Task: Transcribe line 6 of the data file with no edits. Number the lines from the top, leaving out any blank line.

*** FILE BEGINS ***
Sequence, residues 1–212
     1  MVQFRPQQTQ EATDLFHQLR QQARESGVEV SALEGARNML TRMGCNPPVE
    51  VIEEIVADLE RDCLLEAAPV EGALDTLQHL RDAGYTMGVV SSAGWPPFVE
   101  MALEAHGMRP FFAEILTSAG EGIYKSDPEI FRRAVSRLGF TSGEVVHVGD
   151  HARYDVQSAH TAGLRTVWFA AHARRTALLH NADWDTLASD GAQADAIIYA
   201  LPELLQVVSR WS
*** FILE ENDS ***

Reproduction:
   201  LPELLQVVSR WS